Man is a social being, hence fears missing out on invitations, jokes, or jokes. It is not uncommon for one to feel upset when they discover that they have not been invited to an event. When they get to see the event online and realize that they were left out, it can affect their thoughts and feelings. This can further give rise to feelings of low self-esteem and resentment, affecting their mental health. The fear of missing out also compels one to check their phones for updates, encouraging addiction to social media and dependence on smartphones.
7. Cyberbullying and Negative Online Experience
The early possession of digital devices and easy access to the internet has made people, especially teens, become vulnerable to cyberbullying. An estimated 10% of teens are reported to be bullied on social media. This might trigger mental issues in such persons. (8) Cyberbullying includes sending or sharing messages intended to intimidate or embarrass an individual. It is stipulated that for every 10% increase in negative online experience, there is a corresponding 20% risk of depression.
Positive Impact of Technology and Social Media on Mental Health
Notwithstanding the considerable negative impact of technology and social media on mental health, it has proven to be beneficial too. Some benefits include:
One can’t deny the relevance of technology and social media since its inception. Its impact on mental health can also not be over-emphasized. As much as it has promoted the connection between friends and families, provided means for people to learn new skills and sought support online, it has equally threatened privacy, encouraged low self-esteem, and greatly affected our mental health.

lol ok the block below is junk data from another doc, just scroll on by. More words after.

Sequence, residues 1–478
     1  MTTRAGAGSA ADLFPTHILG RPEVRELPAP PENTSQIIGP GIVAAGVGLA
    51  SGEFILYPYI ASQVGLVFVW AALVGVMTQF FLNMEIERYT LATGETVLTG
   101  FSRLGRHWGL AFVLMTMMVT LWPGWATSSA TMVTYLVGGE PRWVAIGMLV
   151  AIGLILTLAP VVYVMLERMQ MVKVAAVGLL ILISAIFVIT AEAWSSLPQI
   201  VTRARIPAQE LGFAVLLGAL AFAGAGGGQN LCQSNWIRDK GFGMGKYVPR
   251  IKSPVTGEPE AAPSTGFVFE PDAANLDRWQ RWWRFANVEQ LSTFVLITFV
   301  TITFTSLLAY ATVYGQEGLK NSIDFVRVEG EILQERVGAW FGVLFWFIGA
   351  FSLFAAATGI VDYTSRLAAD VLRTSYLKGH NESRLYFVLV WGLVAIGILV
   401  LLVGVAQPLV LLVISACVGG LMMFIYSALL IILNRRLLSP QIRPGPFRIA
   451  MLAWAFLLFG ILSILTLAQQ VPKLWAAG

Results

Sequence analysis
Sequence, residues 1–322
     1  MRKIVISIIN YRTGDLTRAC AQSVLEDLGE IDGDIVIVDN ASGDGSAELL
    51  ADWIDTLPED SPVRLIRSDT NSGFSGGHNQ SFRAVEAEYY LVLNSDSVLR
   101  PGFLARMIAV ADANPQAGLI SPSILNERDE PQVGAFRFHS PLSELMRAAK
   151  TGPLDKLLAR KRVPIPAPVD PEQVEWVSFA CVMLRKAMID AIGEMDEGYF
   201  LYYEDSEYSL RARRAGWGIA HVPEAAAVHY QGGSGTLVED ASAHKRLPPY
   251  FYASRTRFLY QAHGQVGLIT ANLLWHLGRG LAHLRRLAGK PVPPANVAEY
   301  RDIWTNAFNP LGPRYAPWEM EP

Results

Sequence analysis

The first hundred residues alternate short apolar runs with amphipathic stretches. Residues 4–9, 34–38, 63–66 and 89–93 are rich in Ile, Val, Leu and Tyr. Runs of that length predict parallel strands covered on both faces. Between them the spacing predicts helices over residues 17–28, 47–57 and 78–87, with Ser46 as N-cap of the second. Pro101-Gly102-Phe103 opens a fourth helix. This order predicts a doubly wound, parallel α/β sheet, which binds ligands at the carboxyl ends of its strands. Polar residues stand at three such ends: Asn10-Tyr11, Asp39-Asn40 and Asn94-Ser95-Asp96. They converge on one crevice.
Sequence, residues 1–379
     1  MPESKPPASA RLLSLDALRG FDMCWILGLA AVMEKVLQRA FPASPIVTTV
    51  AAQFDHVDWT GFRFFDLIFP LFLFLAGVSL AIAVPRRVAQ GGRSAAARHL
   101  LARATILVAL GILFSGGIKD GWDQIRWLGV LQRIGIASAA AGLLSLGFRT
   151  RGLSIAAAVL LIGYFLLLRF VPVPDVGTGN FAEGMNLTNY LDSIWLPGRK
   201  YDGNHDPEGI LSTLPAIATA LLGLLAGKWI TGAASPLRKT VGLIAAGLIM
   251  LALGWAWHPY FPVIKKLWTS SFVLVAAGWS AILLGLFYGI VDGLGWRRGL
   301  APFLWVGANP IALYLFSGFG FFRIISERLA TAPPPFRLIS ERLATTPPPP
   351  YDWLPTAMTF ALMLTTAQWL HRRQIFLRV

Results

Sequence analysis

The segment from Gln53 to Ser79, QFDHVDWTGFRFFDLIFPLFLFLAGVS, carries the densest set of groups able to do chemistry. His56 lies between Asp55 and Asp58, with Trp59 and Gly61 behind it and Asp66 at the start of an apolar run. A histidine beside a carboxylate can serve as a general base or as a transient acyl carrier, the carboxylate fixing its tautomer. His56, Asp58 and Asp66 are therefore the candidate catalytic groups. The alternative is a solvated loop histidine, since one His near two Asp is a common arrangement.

Therefore, we have to adopt strategies that will ensure balanced mental and overall health by setting boundaries where social media is concerned. Therapies such as Cognitive Behavioral Therapy are often employed by mental health professionals to help individuals affected negatively by social media. The therapy is aimed at challenging one’s thought patterns, making them conscious of their feelings and thoughts, and working towards developing a healthier coping system.
(1) Wikipedia Contributors. (2019, January 28). Technology. Wikipedia; Wikimedia Foundation. https://en.wikipedia.org/wiki/Technology
(2) Kemp, S. (2023, January 26). Digital 2023: Global Overview Report. DataReportal. https://datareportal.com/reports/digital-2023-global-overview-report
(3) Kudumula, D. (2022, April 19). What Are The Types of Social Media? Blog.digimind.com. https://blog.digimind.com/en/insight-driven-marketing/what-are-the-types-of-social-media
(4) Science Direct. (n.d.). Mental Health – an overview | ScienceDirect Topics. Www.sciencedirect.com. https://www.sciencedirect.com/topics/medicine-and-dentistry/mental-health
(5) O’Keeffe, G. S., & Clarke-Pearson, K. (2011). The Impact of Social Media on Children, Adolescents, and Families. Pediatrics, 127(4), 800–804. American Academy of Pediatrics. https://doi.org/10.1542/peds.2011-0054
(6) Novotney, A. (2019, May). The risks of social isolation. Https://Www.apa.org. https://www.apa.org/monitor/2019/05/ce-corner-isolation#
(7) Walton, A. G. (2017, June 30). 6 Ways Social Media Affects Our Mental Health. Forbes. https://www.forbes.com/sites/alicegwalton/2017/06/30/a-run-down-of-social-medias-effects-on-our-mental-health/?sh=3fdbdbb42e5a
(8) Sherrell, Z. (2021, September 15). Social media and mental health: Depression and psychological effects. Www.medicalnewstoday.com. https://www.medicalnewstoday.com/articles/social-media-and-mental-health#statistics
(9) Clay, R. A. (2023). Mental health apps are gaining traction. Apa.org. https://www.apa.org/monitor/2021/01/trends-mental-health-apps